Silversun Pickups have always felt like a band whose music was born very much from and for the body; a group with a finger on the pulse of what drove our passions, our lives, the inner reaches of the human psyche. And on paper, Neck Of The Woods seems to affirm these bodily focuses; a scaffold construction of Skin Graphs, Nerve Endings, Blood, Breath and Spirits. At the beating heart of it all; Brian Aubert’s snarling, feral, almost androgynous vocals. And this laced around with a richly decadent machine-tooled sound for the iPod age. But even with all the right components in place, a great album isn’t born without some vestige of soul to it, and soul is one thing Neck Of The Woods finds itself sorely lacking.
The album’s lead single Bloody Mary makes for a depressingly underwhelming line-in to proceedings, a world-weary non-starter of a track that scrabbles around for a hook and fails to latch onto any semblance of one. It’s something of a running theme for an album where nothing ever comes close to the lofty excellence of 2009’s Panic Switch. Used with such adrenaline-rush brilliance on the trailer for Zack Snyder’s fantasy flick Sucker Punch, Panic Switch cast the band as the bright upstarts, with the enthusiasm and dazzling Hollywood scope to coalescence into something of real, enduring substance on their next record. But Neck Of The Woods is not that album, and feels all the poorer for it.
Simmer offers a moment of rare promise, building from trembling electronics to a spacious, sleekly-lined rocker – but at nearly seven minutes in length, it takes far too long to get going. In its faltering excesses of production foreplay its various energies quickly dissipate out, lost to the void. Likewise, The Pit whiles itself away in a simpering pool of dark passions, the kind of bassy, flanged beauty that’d probably sound heavenly in the midnight hours of some sweat-heaving warehouse gig – bodies pressed to the walls – but in the clinical environs of the studio, it never quite achieves the sense of atmosphere you feel it’s gunning for.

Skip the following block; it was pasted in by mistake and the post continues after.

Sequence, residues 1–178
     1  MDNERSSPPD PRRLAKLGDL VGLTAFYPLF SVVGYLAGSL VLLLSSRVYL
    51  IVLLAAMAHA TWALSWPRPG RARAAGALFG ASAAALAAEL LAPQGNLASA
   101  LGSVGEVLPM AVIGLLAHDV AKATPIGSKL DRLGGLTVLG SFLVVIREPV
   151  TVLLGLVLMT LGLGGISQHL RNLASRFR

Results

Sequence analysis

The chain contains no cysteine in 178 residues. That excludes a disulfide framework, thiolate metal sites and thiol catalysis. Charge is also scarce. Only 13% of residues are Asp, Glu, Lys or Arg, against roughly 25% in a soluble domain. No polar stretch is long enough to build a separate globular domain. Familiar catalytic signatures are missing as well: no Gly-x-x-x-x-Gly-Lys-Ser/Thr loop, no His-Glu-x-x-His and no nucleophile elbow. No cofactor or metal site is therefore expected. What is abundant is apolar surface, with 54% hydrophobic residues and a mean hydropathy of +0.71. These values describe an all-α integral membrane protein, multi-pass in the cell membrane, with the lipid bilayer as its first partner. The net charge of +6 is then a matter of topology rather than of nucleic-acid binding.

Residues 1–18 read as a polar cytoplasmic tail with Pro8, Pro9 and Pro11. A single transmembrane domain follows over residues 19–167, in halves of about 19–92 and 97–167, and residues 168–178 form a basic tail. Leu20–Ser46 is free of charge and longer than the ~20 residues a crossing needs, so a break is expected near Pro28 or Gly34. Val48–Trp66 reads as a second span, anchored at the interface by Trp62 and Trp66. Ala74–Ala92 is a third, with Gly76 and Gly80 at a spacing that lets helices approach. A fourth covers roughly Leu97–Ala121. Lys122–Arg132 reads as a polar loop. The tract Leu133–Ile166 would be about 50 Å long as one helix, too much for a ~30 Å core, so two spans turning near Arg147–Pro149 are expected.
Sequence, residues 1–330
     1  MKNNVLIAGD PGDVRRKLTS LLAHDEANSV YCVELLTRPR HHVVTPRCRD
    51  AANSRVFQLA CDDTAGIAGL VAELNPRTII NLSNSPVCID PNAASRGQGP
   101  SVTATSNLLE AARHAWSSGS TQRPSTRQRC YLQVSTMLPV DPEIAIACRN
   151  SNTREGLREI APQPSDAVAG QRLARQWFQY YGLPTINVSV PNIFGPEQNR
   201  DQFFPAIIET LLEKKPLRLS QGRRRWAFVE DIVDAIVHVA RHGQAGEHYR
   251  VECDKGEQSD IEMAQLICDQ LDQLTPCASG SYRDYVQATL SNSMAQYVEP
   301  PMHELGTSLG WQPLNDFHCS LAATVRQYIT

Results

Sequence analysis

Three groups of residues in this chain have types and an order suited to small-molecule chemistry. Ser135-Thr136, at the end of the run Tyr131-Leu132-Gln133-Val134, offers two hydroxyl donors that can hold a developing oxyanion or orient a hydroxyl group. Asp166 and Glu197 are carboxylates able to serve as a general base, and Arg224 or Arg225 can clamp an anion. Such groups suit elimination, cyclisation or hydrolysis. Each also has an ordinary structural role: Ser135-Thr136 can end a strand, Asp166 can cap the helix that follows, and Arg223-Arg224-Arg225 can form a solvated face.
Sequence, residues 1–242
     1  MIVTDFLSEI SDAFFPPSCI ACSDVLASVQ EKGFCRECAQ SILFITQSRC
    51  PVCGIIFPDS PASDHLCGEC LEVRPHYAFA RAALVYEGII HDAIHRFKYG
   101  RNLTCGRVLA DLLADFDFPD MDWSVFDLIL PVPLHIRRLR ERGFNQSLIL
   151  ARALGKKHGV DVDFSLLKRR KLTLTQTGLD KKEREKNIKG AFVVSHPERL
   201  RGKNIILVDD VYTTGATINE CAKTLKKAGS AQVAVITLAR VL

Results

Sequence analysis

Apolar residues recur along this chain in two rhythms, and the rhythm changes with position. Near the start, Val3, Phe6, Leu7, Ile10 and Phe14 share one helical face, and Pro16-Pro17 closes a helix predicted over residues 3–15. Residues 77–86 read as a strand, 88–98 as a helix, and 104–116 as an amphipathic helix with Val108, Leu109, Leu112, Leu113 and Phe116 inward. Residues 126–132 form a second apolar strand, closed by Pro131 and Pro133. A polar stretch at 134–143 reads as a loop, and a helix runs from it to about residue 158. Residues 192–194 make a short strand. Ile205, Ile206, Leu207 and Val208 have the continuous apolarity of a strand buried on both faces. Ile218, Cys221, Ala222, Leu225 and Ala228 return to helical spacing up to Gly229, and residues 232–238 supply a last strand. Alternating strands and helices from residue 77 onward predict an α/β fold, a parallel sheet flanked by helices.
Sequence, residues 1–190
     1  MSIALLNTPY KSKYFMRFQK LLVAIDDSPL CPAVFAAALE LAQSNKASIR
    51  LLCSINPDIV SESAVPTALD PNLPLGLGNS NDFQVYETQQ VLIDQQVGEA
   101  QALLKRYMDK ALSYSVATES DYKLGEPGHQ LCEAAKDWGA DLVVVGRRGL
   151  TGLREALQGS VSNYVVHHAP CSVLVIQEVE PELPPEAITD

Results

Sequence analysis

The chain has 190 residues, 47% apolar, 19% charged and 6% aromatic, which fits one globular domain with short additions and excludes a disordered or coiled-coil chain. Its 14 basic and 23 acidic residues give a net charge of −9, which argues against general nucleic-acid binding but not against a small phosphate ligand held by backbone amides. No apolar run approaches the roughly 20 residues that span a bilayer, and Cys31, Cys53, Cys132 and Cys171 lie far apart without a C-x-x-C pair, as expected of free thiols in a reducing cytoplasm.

Dots And Dashes lays claim to one of the album’s best chorus, and Out of Breath follows closely behind, albeit very nearly losing itself amongst scratchy percussion and the short shrift of guitar riffs that this far into the record, are starting to feel stale. Still, they’re two of the precious few tracks here with a real sense of bulk and purpose to them. Neck Of The Woods’ greatest failing is the apathy it feels stuck in at times – it’s like you’ve been handed keys to the world’s most stunning supercar, all sumptuous curves and immaculate body-work, only to find there’s not a drop of fuel in the engine.
Above all, there’s the sense that if the band tightened up and muscled up, Neck Of The Woods could easily become the record it seems on the cusp of hinting at. Mid-album highlight Mean Spirits offers perhaps the best glimpse of that potential; a distorted, stabbing thrill-ride of an anthem – but drowned in the massy formlessness of everything else, it bears little hope of shining out.
In a world bereft of a new Placebo album in recent years, Silversun Pickups represent the next best thing when it comes to deliriously Machiavellian rock, dark as hell and with a keen intelligence to boot. But Neck Of The Woods isn’t the record to sell them to the world – moreover, it feels like a work in progress, skeletally over-precise and over-long.